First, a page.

ERC MicroDegrade: Bottlenecks of Micropollutant Degradation


With compound-specific isotope fractionation analysis (CSIA) of chemical trace contaminants (“micropollutants”) the ERC project MicroDegrade could break ground in revealing bottlenecks of degradation at low, relevant (mg/L) concentrations. When enzyme-associated isotope effects were observable, this provided evidence that molecules could diffuse freely into and out of bacterial cells demonstrating that mass transfer was not limiting. In contrast, if isotope fractionation was pronounced at high concentrations, but isotope effects were masked at trace levels, this provided evidence that mass transfer into and out of the cell became limiting for biodegradation specifically at low concentrations (Ehrl et al., Environ. Sci. Technol. 2019, Marozava et al. Environ. Sci. Technol. 2019).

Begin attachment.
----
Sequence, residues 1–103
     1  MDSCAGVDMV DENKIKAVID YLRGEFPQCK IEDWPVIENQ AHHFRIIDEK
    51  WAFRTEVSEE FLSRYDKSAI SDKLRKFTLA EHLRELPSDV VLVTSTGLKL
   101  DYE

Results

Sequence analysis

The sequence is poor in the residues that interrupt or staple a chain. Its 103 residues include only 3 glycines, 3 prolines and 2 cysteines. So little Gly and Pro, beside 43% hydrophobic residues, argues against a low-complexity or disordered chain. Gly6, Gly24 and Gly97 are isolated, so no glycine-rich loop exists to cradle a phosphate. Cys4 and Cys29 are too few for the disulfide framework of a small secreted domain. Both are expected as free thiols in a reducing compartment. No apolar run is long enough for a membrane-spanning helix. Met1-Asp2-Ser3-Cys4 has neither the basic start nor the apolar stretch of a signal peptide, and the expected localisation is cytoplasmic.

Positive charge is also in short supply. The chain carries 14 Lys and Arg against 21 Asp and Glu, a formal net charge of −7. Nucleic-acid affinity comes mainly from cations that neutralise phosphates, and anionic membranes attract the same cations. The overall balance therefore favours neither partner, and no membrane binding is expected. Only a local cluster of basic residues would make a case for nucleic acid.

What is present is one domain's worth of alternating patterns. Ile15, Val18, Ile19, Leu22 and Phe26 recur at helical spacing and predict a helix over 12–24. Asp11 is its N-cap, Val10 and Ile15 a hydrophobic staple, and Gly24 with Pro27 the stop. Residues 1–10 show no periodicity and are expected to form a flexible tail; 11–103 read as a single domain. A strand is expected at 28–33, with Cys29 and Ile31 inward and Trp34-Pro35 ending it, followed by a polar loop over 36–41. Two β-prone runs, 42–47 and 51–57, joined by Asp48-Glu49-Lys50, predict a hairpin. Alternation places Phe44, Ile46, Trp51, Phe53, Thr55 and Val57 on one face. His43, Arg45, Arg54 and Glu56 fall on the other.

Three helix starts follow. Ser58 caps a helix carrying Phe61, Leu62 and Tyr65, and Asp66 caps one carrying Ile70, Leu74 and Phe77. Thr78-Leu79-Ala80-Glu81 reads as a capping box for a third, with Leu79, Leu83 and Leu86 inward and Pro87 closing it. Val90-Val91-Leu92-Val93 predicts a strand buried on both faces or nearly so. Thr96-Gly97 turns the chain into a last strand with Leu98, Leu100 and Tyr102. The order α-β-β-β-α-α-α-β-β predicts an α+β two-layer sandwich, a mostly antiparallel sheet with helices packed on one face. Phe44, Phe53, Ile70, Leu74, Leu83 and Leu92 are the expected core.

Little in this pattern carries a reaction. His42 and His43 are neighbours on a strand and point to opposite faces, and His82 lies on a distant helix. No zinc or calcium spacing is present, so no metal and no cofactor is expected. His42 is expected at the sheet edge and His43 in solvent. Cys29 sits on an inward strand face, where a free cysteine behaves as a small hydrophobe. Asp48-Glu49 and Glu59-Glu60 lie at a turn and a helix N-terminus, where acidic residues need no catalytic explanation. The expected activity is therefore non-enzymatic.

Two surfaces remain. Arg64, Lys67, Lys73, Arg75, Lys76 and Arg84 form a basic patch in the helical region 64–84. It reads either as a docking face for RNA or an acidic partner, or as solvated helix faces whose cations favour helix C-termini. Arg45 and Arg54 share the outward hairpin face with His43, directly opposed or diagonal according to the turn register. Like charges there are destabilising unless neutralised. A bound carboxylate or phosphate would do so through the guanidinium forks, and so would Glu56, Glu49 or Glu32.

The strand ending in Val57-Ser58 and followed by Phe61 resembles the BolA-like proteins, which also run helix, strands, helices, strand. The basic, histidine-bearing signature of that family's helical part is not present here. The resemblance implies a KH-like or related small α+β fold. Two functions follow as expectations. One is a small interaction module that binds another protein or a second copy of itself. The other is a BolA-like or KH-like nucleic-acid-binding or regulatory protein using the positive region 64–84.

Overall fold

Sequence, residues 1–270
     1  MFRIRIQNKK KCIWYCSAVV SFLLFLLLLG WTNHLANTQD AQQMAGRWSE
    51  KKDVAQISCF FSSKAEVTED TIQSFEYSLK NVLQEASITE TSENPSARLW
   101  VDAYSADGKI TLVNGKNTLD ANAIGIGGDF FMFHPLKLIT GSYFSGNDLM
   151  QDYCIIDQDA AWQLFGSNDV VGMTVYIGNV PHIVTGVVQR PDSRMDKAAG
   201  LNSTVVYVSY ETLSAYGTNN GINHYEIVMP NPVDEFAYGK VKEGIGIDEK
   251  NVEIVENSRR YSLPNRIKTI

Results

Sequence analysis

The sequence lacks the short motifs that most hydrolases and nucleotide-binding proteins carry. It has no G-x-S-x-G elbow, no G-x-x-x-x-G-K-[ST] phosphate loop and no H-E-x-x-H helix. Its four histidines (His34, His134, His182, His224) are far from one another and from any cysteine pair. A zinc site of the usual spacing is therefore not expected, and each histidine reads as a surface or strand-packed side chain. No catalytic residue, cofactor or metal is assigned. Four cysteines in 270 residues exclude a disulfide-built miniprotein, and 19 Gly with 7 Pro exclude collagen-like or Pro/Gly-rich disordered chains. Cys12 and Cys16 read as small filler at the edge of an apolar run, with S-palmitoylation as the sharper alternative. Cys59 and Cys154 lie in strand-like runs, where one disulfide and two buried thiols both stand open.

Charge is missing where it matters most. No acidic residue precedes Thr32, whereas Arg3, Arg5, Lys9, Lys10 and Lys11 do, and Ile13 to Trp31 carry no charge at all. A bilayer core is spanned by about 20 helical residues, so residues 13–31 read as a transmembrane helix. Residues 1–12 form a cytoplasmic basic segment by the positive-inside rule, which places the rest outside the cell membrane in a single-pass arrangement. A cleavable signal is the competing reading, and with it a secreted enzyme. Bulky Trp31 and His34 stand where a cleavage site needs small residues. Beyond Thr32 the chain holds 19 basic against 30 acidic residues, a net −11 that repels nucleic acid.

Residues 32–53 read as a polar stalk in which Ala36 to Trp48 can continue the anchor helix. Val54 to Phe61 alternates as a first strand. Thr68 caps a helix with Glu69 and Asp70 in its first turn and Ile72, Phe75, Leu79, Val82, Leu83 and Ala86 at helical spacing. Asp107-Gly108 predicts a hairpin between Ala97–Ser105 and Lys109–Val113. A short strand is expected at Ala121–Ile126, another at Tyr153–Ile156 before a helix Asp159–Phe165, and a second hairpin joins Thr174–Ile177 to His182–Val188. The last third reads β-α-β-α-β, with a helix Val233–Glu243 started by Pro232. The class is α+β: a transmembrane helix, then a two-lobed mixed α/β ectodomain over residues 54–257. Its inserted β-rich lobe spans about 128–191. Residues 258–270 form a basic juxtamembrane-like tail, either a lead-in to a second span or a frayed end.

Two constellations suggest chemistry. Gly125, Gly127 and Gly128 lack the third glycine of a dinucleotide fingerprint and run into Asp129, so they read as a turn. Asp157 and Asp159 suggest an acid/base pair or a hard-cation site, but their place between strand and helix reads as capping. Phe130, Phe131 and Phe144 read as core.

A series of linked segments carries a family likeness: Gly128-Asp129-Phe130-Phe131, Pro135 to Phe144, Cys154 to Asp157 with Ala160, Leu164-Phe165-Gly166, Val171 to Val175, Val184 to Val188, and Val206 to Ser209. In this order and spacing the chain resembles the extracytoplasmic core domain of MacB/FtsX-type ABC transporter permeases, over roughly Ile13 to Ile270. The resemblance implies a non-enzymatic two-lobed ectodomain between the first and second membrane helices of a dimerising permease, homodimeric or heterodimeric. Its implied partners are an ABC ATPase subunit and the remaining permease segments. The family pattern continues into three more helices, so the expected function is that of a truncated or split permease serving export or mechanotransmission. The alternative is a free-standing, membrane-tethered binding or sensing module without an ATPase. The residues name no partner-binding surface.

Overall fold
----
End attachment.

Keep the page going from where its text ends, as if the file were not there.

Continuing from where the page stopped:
Sun et al. 2021 b


With the ability to directly observe mass transfer limitation, and to characterize associated physiological adaptation MicroDegrade has introduced a novel analytical approach to the investigation of microbial activity at low concentrations. It also brings forward a mechanistic explanation for the “persistence by dilution” hypothesis: that low-level water constituents such as NOM may not persistent because of inherent recalcitrance, but because of low concentrations. For Isotope Biogeochemistry the project’s findings have pronounced implications for the interpretation of isotope profiles at low concentrations: they imply that, based on isotopic evidence, turnover of substances at low concentrations may have been underestimated so far.
For bioremediation approaches of low-level concentrations, the direct observation of limitations offers an enabling tool to identify the relevant bottlenecks. Pillaring on this, we found that fluctuations in concentrations are generally faster than build-up and decay of degrader biomass, yet can profoundly influence bacterial adaptation and diversification (Kundu et al., Environ. Microbiol. 2020). Hence, variations in substrate concentrations and flow conditions may be a promising remediation approach.



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    DOI: (b)
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